Ah, grammar schools. Now there’s a rave from the grave. Except not really, because to some extent the jolly band of 163 grammar schools left in England have haunted my most recent years. I was a Head in Kent, a county which boasted a third of the whole country’s grammar schools. Leading a mixed ability school for five to 18-year-olds, I knew the pain of losing my brightest pupils at seven to go to more intensively academic prep schools ready for the 11+; when they passed the 11+ and therefore left before they could enjoy my senior school; at 13 when those who had been not quite ready at 11 had matured somewhat, and benefited hugely from small classes and intensive tuition ready for grammar school at 13+, the entry point for the most local grammar school (and a state boarding school to boot), so it took boarders for the price of the accommodation – grammar school tuition being free. Bargain.
Was that all? No – I lost them also at 16, when our small classes and excellent teaching meant that students exceeded even their own hopes at GCSE, and promptly disappeared to a grammar school, some for a more eclectic range of A-levels than my small school could offer, and some because fearing that university entrance was easier from a state school.
Not that I am bitter, of course. But my own personal battles with grammar schools mean that I know – I mean really know – in my bones and in my heart and in my head, the threat grammar schools pose to independent schools. Whatever our new Prime Minister recently said about independent schools doing more to earn their charitable status stripes and remissions, whatever threat may lie in wait for those which do not leap to compliance with all the collaboration the government could want, all this is as nothing when weighed against the threat of a major increase in the number of grammar schools in the country.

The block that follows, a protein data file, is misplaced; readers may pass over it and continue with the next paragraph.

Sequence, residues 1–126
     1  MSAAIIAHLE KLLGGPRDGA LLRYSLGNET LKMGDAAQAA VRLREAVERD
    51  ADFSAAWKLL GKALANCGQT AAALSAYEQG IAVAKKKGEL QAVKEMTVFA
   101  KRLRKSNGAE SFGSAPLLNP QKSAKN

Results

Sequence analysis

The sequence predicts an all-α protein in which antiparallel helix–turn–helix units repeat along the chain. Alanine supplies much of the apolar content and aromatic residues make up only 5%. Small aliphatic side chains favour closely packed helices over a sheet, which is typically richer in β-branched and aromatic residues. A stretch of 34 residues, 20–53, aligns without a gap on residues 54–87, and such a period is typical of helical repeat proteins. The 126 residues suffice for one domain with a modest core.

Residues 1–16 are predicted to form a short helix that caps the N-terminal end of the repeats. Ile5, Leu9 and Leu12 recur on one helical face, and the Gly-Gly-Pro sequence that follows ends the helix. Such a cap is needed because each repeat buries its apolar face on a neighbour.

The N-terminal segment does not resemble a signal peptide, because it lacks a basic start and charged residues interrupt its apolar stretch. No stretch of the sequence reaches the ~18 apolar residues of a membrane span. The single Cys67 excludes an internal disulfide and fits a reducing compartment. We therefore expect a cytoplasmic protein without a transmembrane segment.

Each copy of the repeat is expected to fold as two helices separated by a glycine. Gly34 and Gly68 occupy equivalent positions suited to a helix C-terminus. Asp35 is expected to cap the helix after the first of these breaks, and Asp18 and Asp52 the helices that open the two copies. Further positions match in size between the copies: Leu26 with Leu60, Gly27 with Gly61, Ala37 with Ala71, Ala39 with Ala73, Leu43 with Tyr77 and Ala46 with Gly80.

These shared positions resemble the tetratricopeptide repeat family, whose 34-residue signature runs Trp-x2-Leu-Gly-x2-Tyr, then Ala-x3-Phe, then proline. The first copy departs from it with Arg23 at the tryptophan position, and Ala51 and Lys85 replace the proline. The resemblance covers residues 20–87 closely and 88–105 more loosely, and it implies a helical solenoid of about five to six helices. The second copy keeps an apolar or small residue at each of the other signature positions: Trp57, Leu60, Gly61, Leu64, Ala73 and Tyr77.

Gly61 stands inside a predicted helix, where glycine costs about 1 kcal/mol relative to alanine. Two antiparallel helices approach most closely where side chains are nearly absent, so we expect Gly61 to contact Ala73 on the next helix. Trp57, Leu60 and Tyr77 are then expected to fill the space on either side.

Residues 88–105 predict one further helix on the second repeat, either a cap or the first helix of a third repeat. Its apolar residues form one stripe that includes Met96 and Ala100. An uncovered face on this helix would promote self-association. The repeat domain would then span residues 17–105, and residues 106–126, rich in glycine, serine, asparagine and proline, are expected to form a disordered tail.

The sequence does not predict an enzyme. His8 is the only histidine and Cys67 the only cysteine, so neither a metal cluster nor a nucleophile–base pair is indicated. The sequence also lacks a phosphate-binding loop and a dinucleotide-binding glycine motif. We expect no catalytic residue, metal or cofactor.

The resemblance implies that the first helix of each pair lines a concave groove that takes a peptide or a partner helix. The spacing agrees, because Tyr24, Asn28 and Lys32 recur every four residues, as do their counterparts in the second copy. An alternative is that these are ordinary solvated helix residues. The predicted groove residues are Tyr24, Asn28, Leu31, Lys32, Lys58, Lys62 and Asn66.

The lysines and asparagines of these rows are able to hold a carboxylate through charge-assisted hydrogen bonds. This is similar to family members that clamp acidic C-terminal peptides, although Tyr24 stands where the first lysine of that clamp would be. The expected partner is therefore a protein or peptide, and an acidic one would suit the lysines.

Surely, for years, parents have sought out independent schools for their children precisely because no grammar school was available. Parents believe that an independent school will offer the same kind of tuition, the same kind of classroom, the same kind of learning climate and the same results as would have been available in a good grammar school. Most parents, while making allowances for what they know to be their children’s strengths and weaknesses – ‘He’s great at history, hates maths. . .’ or ‘She loves science, not so good with languages’ – firmly believe that their child will do well if he or she is not distracted by dissention in the class, rowdyism, back-chat? Children do as well as the children beside them in a quietly studious classroom, paying attention to a good teacher with great expectations. That sounds like a grammar school. And if one is not available, then the next best thing – expensive but worth it – is an independent school.
It therefore follows that if there is one thumping threat to independent schools, which have flourished in recent years regardless of their high and irrevocably rising fees, it is the return of the grammar school.
Parents believe that an independent school will offer the same kind of tuition, the same kind of classroom, the same kind of learning climate and the same results as would have been available in a good grammar school
Oddly enough, grammar schools have punctuated my own life.